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BRAZIL THE HARD ROAD TO WAR * - THE HARD ROAD TO WAR

7)CLOUDS OF WAR


Brazilian territory with roughly ¼ of million square miles is larger than U.S. conterminous area with 4 thousand mile coastline, larger than all Europe excluding Soviet Russia. In 1941 its population numbered 45 million people and was predominantly concentrated in the states of São Paulo, Rio and Minas Gerais. The huge Amazon region covered one third of the country. That’s why Brazil was called “The sleeping giant.”


In the first years of war, Brazil was a country far from being an   industrialized one, a territory with continental dimensions with a predominant agrarian economy, with scarce infra structure of ports, airfields, an almost non existent railway network and very poorly highway system. In terms of communications things were worse and large portion of its population lived absolutely isolated in vast areas of the hinterland. Progress, to say the least, was concentrated in southern region. To make things worst, the northeast, geographically isolated from the capital, Rio de Janeiro, in the south, was not linked by road. The railway network was limited to those states of center and southern regions. The only way to reach cities like Recife, Natal, and Fortaleza, was through the yet incipient airways system or exclusively by sea.



Brazilian "Continent" 8,511,965 square kilometers. In the 40's half of its territory was uninhabited and covered by dense forest like Amazon region.



The picture shows one Junkers JU-52 moored at its pier at Santos Dumont Airport Rio de Janeiro. German Condor Syndikat was the main commercial liner in Brazil until its closing.



The map above shows how far was Rio de Janeiro, the Brazilian capital from other important cities like Recife and Fortaleza. Brazilian Airways System in pre war years was highly dependant on German and Italian expertise, including pilots. Brazilian Air Force, FAB, was created only late in 1941. Army Air force was still an embryo and counted with few pilots and one handful of obsolete aircrafts. All organizational structure of the Forces was based on the French system. In this same cauldron was the Brazilian Navy with a few vessels including two WW I Battleships. Burning coal, belching smoke and unable to fight a modern Anti submarine warfare.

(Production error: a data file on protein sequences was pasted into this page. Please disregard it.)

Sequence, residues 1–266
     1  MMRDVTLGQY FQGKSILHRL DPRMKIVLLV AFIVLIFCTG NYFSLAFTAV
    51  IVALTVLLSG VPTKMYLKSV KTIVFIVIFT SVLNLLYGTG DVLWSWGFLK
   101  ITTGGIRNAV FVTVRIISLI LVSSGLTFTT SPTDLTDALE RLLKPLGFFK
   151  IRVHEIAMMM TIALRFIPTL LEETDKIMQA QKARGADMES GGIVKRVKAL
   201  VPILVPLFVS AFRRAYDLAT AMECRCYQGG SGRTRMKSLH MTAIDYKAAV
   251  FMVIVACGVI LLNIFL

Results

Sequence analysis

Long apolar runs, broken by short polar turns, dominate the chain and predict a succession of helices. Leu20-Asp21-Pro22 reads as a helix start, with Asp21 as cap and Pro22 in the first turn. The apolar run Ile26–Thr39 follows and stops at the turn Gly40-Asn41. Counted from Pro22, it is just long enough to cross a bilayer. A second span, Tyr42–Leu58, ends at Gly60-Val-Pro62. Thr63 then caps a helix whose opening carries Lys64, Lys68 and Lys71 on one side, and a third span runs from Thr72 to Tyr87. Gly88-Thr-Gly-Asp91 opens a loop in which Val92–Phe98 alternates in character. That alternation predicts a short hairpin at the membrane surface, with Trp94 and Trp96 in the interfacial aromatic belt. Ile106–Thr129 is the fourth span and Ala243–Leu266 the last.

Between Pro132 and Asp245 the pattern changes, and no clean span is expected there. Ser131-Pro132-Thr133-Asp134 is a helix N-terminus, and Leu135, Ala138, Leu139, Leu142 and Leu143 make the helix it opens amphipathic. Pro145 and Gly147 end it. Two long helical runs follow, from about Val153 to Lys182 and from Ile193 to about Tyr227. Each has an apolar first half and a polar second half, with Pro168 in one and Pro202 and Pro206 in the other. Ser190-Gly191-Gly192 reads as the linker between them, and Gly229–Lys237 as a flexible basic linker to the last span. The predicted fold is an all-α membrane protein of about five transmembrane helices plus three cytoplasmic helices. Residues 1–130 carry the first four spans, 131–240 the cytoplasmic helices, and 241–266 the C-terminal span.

With the defeat of France, Germany gained access to several ports in Bay of Biscay. American authorities were alarmed with the European situation, with Britain alone and in the verge of a defeat. The US began taking in earnest a German menace against western hemisphere. Apprehensions in Washington aroused when American officials sent disquieting reports mentioning the possibility of a pro Nazi coup in Argentina which could spread tensions and lead to similar attempts by the large German colony living in Southern Brazil and Uruguay.



The map depicts the newly Atlantic bases seized by Germany with the fall of France.



Submarine pen seen at French port of St. Nazaire. Germans had a fully open gate to reach the Atlantic.


 


These pictures seized by Brazilian authorities during the crackdown on Nazi organizations in various parts of the country, show how these movements operated. Brazilian Government acted swiftly and decisively in the regions where German colony was active and numerous. Several measures and decrees were put into effect including the one that determined that all German children attended to schools were Portuguese language was taught. A well organized spy ring that acted in the country gradually subsided with the arrest of all their agents.

(Pictures provided by Recife Public Archives)


 

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